I want to acknowledge the lead given by Senator O'Toole in this matter. He believes that the Government's priority must be to use the Programme for Prosperity and Fairness to tackle, as he put it, the twin problems of inflation and wage value erosion. He is on record as stating that, beside cuts in indirect tax and price controls, congress will want a declaration from the Government that it will use its December budget to restore workers' earning power through cuts in income tax, which were promised in the programme.

It is unfortunate this debate is taking place this morning because the ESRI report was issued today. Although I have not had an opportunity to study it, I see from a glance that it is opposed to the reduction of taxes at the next budget and has suggested that they be delayed. That is very unfair, especially to the less well-off in our community, because they are the ones who will suffer, so they must get the benefit of income tax reductions. The Minister, Deputy McCreevy, would be right to ignore the advice of the European Commission and introduce further tax cuts. If labour shortage is one of the main causes of wage inflation, it must be dealt with. Tax cuts [1547] may fuel inflation, but they are needed to encourage people to join the workforce which, in turn, could reduce the problem of wage inflation. A fiscal stimulus may, paradoxically, be good.

Many experts now claim that a cut in indirect taxes, either in VAT or excise duties, on items such as drink or fuel, could help reduce headline inflation, assuming that companies and retailers pass on this reduction to consumers. It must be a priority for Government to ensure this happens. There is no good in reducing indirect taxes if the benefit is not passed on to the consumer. Some critics will say that this will make things worse by putting more money in the pockets of consumers. However, cuts in indirect taxation might reduce the headline inflation rate and that could have the effect of fending off other pay claims, especially in the public sector, until inflation begins to decline to its previous lower levels.

There is one bright light at the end of a dark tunnel for the Government. The recovery in the euro may be a slow process given the lack of confidence in the currency market in European economic management, but it could happen by default as sterling and the dollar lose value. In the past month alone, a considerable amount has been knocked off the excessive value of sterling. We must acknowledge that a sensible interest rate policy in the UK means the economy there is cooling to a manageable pace with the inevitable impact that has on sterling.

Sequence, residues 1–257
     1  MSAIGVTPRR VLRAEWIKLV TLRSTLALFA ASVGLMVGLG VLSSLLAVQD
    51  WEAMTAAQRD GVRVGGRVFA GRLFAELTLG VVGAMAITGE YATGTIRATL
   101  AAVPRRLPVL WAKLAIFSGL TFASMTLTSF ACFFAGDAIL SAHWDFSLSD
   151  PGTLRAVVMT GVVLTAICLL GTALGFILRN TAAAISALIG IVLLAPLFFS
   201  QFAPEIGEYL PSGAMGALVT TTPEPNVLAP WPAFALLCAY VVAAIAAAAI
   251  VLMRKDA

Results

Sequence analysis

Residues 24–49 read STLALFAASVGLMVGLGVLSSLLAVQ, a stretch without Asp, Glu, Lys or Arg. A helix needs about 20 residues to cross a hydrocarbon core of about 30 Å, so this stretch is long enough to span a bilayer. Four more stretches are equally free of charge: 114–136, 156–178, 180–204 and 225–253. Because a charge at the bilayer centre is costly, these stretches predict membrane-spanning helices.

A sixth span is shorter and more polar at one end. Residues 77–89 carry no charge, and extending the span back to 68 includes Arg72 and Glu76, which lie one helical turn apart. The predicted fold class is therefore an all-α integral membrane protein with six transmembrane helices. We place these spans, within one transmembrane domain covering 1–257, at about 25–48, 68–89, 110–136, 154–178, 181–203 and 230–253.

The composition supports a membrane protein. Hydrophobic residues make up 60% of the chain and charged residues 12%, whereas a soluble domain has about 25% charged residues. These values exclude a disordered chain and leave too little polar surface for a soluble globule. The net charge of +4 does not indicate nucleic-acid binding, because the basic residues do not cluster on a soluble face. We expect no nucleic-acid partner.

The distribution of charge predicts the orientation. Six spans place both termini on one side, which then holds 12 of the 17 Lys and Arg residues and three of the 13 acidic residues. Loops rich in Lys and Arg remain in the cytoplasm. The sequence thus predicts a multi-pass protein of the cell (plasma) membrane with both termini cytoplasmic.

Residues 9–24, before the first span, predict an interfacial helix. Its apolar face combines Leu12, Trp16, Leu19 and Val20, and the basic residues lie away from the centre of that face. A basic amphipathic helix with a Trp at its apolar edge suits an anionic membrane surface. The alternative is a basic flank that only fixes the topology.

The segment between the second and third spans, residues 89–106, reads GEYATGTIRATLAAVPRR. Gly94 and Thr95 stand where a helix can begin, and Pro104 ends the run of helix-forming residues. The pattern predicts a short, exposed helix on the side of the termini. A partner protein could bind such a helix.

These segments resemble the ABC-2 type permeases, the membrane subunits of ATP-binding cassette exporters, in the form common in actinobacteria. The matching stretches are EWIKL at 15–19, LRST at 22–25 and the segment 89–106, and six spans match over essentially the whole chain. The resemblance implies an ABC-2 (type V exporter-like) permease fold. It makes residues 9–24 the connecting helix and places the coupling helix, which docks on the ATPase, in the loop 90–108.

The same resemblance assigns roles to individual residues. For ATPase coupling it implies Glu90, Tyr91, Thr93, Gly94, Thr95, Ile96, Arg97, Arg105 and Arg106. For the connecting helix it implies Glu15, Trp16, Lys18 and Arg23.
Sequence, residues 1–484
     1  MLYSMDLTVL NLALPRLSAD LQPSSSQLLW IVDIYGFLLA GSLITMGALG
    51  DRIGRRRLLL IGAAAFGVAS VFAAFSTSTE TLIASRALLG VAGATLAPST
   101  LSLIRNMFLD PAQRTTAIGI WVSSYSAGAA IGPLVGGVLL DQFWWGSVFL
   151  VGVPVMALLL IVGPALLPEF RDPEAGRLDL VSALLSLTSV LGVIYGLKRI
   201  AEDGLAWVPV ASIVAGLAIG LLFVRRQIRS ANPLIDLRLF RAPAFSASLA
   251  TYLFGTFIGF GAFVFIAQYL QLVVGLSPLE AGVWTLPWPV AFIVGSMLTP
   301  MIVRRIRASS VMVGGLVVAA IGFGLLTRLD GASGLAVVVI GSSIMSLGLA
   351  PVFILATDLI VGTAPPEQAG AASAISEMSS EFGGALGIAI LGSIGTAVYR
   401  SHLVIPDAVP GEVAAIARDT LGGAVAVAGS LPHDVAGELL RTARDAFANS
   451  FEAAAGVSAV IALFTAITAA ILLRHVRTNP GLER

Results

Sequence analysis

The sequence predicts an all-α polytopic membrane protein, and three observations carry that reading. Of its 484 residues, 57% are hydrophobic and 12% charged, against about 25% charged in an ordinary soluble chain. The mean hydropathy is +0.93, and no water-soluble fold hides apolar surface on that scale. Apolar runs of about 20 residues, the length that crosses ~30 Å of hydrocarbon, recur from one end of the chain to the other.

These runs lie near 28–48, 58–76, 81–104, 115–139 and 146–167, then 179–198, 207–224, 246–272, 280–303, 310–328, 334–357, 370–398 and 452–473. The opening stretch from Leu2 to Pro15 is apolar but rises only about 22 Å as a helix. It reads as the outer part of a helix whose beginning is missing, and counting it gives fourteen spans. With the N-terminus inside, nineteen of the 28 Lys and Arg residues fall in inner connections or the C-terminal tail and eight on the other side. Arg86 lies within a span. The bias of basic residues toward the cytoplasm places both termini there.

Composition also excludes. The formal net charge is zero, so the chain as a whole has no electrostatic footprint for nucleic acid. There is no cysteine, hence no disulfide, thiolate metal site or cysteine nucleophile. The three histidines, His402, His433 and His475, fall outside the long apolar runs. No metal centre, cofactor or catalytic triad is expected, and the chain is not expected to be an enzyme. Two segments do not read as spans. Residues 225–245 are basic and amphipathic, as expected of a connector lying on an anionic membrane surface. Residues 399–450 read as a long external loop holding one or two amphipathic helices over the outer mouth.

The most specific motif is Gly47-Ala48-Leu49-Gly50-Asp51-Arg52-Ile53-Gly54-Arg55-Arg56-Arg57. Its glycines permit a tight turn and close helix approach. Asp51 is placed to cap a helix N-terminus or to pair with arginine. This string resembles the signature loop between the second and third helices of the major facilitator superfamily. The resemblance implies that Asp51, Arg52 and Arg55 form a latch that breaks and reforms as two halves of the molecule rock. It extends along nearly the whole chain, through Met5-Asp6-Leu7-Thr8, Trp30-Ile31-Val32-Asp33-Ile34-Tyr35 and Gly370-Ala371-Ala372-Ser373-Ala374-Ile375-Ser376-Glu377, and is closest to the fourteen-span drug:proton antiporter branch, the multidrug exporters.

The Taoiseach is on record as pledging to curb high inflation by tackling profit-taking and promising competition. He stated he would not allow a situation where excessive profit-taking occurred, especially through anti-competitive practices. There was evidence of opportunistic profit-taking in the price of services such as food and drink, and I am pleased to note that the Government has committed new resources to the Competition Authority to aid its work. I hope it will strengthen its ability to protect consumers and business alike.

If the Government is serious about tackling inflation, it must address the problem of labour supply. It must do all in its power to continue to develop the workforce. It must increase the numbers in employment, and the obvious sources are females in the home and immigrants. Last month, a leading firm of stockbrokers suggested that the number of people at work would increase by 83,300 this year, but the labour market still needs a further 24,500 workers to meet demands. It said that tax reform and a clear immigration policy would be required, with substantial tax reductions needed to attract married women into the labour force and more labour from Britain, where taxes, especially for a single person, are much lower. They also wanted an extension of the existing visa scheme to experienced service sector workers and supported the proposals of the Minister for Enterprise, Trade and Employment to issue work visas to non-EU nationals with construction, nursing and information technology skills. That is where demand for employment lies.